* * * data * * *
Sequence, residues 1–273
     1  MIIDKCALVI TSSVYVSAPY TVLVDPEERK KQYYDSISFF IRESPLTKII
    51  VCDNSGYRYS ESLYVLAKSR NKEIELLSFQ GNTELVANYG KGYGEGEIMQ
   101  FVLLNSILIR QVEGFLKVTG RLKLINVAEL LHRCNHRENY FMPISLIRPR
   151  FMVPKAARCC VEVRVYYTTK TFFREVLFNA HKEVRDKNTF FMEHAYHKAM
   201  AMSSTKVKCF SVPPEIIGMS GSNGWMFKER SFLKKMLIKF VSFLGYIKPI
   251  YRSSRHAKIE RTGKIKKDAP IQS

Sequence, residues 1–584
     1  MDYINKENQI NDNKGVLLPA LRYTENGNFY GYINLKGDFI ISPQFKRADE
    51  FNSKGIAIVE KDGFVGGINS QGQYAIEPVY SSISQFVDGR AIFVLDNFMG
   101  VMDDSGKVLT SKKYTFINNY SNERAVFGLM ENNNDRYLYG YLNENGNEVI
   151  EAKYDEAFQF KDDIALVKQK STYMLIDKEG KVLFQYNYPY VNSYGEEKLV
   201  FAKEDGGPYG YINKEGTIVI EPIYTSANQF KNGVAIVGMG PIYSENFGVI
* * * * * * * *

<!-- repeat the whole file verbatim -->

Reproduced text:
Sequence, residues 1–273
     1  MIIDKCALVI TSSVYVSAPY TVLVDPEERK KQYYDSISFF IRESPLTKII
    51  VCDNSGYRYS ESLYVLAKSR NKEIELLSFQ GNTELVANYG KGYGEGEIMQ
   101  FVLLNSILIR QVEGFLKVTG RLKLINVAEL LHRCNHRENY FMPISLIRPR
   151  FMVPKAARCC VEVRVYYTTK TFFREVLFNA HKEVRDKNTF FMEHAYHKAM
   201  AMSSTKVKCF SVPPEIIGMS GSNGWMFKER SFLKKMLIKF VSFLGYIKPI
   251  YRSSRHAKIE RTGKIKKDAP IQS

Sequence, residues 1–584
     1  MDYINKENQI NDNKGVLLPA LRYTENGNFY GYINLKGDFI ISPQFKRADE
    51  FNSKGIAIVE KDGFVGGINS QGQYAIEPVY SSISQFVDGR AIFVLDNFMG
   101  VMDDSGKVLT SKKYTFINNY SNERAVFGLM ENNNDRYLYG YLNENGNEVI
   151  EAKYDEAFQF KDDIALVKQK STYMLIDKEG KVLFQYNYPY VNSYGEEKLV
   201  FAKEDGGPYG YINKEGTIVI EPIYTSANQF KNGVAIVGMG PIYSENFGVI